WASHINGTON (Reuters) – House Speaker John Boehner broke off talks with President Barack Obama on Friday on a deficit-reduction deal to prevent a devastating default and said he would try to hammer out an agreement through the Senate.
In a dramatic turn of events with the deadline to raise the U.S. debt ceiling just 11 days away, a stern-faced Obama expressed chagrin at the Republican leader’s move, saying it was “hard to understand why Speaker Boehner would walk away from this kind of deal.”
Boehner, in a letter to fellow lawmakers, said he and Obama failed to reach agreement on a deficit reduction package and that the two “had different visions for our country.”
A deep divide over tax revenue was at the heart of the impasse.
With the August 2 deadline fast approaching for Congress to increase the $14.3 trillion debt ceiling, Boehner said he would begin talks with Senate leaders to “in an effort to find a path forward.” An aide said a deal needs to be set by Monday.
“We have now run out of time,” Obama said, insisting he had made an “extraordinarily fair” offer to Boehner. The president said he was summoning Democratic and Republican leaders to the White House on Saturday in a last-ditch effort to find a path forward.
He warned that failure to reach a agreement to raise the debt limit would increase the chance of a harmful downgrade in America’s top-notch credit rating.
Mohamed El-Erian, co-chief investment officer at Pacific Investment Management Co., which oversees $1.2 trillion in assets, told Reuters: “If not reversed within the next few days through crisis negotiations, this breakdown will be highly detrimental to the already-fragile health of both the US and global economies.”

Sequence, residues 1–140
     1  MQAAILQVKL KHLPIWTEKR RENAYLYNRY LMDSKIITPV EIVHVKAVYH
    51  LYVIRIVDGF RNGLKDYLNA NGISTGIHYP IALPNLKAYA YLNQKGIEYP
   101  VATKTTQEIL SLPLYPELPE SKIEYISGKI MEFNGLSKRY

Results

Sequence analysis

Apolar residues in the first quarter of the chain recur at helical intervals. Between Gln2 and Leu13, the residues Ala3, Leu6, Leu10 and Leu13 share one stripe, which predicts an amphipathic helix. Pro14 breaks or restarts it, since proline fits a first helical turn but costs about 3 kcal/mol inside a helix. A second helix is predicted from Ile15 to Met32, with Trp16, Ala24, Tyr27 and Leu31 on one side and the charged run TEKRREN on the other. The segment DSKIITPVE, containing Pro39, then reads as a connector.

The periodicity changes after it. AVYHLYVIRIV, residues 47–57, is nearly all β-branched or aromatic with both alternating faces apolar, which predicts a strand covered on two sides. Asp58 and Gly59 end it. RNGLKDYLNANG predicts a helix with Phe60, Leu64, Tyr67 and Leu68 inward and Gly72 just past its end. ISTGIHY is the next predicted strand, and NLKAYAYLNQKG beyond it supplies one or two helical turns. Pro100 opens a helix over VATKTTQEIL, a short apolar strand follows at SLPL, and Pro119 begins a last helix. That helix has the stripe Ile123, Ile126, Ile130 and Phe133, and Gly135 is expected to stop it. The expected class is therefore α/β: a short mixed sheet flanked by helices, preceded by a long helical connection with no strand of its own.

The rancorous breakdown in talks came after Obama earlier on Friday said he was prepared to make “tough choices” for a sweeping deficit-reduction deal to avert a default, despite Democrats warning him not to make too many concessions.
The Democratic president at the time appealed for compromise by both parties as he and Boehner, the top Republican in Congress, pursued a plan for up to $3 trillion in spending cuts.
Obama had faced increasingly vocal complaints from his own Democrats on a deal-in-the-making that could mean painful curbs in popular health and retirement programs but no immediate increase in taxes.
Republicans have refused to accept a deal for raising the debt limit if it includes revenue increases.
(Additional reporting by Andy Sullivan, Thomas Ferraro, Donna Smith, Richard Cowan, Steve Holland, Alister Bull, Laura MacInnis and Rachelle Younglai; Writing by Matt Spetalnick and Kristin Roberts; Editing by Vicki Allen)
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